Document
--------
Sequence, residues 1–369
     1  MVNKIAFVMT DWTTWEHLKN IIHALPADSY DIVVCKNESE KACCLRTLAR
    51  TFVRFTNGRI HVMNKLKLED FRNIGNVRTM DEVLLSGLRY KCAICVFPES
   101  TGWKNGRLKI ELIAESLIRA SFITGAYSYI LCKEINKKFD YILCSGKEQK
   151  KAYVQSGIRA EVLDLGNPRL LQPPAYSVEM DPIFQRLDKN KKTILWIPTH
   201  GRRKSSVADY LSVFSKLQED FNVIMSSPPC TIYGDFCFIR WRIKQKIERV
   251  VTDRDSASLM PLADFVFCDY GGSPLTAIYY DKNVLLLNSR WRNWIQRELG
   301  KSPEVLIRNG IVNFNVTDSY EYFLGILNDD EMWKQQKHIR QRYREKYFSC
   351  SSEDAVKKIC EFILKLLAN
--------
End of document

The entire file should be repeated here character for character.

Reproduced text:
Sequence, residues 1–369
     1  MVNKIAFVMT DWTTWEHLKN IIHALPADSY DIVVCKNESE KACCLRTLAR
    51  TFVRFTNGRI HVMNKLKLED FRNIGNVRTM DEVLLSGLRY KCAICVFPES
   101  TGWKNGRLKI ELIAESLIRA SFITGAYSYI LCKEINKKFD YILCSGKEQK
   151  KAYVQSGIRA EVLDLGNPRL LQPPAYSVEM DPIFQRLDKN KKTILWIPTH
   201  GRRKSSVADY LSVFSKLQED FNVIMSSPPC TIYGDFCFIR WRIKQKIERV
   251  VTDRDSASLM PLADFVFCDY GGSPLTAIYY DKNVLLLNSR WRNWIQRELG
   301  KSPEVLIRNG IVNFNVTDSY EYFLGILNDD EMWKQQKHIR QRYREKYFSC
   351  SSEDAVKKIC EFILKLLAN